Inoue Kenkabō

Inoue Kenkabō

was the pen-name of a journalist and writer of senryu (short, humorous verse) in late Meiji, Taishō and early Shōwa period Japan. His real name was Inoue Koichi.

Early life

Kenkabo was born in Hagi city, Yamaguchi prefecture, as the son of an ex-samurai of the Choshu domain. He was largely self-educated.

After working part time as an elementary school teacher and a reporter for a local newspaper, he moved to Tokyo in 1900 and began writing the arts column for the literary magazine, Myogi. Three years later, he joined the Nihon Shimbun newspaper as a reporter. Using the pen name, "Kenkabō", he began a column called Shindai yanagidaru, which advocated a new style of senryu poetry.

Literary career

In 1905, Kenkabō founded a poetry group called Ryusonji Senryu Kai, which brought out its own short-lived literary magazine called Senryu. After retiring from working as an employee of the Nihon Shimbun newspaper, Kenkabō continued to manage the senryu columns of the Kokumin Shimbun and Yomiuri Shimbun newspapers and later resurrected Senryu in 1912, renaming it Taishō Senryu, to mark the beginning of the new Taishō period.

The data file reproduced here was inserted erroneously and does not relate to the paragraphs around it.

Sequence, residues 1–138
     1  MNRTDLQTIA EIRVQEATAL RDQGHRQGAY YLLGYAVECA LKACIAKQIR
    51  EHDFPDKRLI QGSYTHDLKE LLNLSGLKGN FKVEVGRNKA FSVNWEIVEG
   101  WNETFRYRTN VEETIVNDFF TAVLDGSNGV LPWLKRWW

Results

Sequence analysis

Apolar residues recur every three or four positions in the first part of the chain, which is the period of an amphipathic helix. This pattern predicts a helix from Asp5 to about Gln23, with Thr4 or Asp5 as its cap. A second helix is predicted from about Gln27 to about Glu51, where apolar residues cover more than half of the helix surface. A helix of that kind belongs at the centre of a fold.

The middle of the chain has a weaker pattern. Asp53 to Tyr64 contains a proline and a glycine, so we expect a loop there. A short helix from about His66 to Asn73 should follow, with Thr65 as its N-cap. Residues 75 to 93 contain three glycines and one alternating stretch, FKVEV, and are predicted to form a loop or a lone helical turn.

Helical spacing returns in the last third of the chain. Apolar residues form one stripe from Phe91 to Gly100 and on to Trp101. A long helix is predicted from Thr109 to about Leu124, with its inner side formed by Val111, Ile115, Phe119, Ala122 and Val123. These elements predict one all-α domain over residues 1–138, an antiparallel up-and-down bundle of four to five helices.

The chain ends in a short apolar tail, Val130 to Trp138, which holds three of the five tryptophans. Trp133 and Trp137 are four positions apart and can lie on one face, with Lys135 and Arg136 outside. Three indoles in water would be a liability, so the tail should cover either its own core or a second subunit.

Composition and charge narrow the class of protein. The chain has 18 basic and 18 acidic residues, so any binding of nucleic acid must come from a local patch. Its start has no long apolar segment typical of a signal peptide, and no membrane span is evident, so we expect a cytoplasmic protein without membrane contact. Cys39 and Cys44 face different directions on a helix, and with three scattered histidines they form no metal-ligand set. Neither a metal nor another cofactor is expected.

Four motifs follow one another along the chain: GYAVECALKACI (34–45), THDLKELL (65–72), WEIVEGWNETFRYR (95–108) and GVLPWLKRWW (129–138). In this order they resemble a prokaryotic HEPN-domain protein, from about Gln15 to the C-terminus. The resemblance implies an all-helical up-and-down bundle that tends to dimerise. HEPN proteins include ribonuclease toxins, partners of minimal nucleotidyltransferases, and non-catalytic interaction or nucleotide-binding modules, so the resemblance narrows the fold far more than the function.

With the arrival of the Shōwa period in 1926, he again changed the name of the magazine, this time to Senryujin.

He also wrote the essays, Proletariat Literature and Bourgeois Literature, and Senryu odo ron ("Royal Way of Senryu"), and contributed pieces to the magazines, Nihon oyobi Nihonjin (Japan and the Japanese) and Kaizo ("Reconstruction").

Kenkabō's senryu are characterized by their grandeur and generosity. Kenkabō had disciples all around Japan, including Kawakami Santaro, Murata Shugyo and "Kijiro" (novelist Yoshikawa Eiji's senryu pen name). His works include Shin senryu rokusen ku ("Six Thousand New Senryu"), Senryu o tsukuru hito ni ("For Senryu Poets") and Ko senryu shinzui ("The Essence of Classical Senryu").

See also

External links

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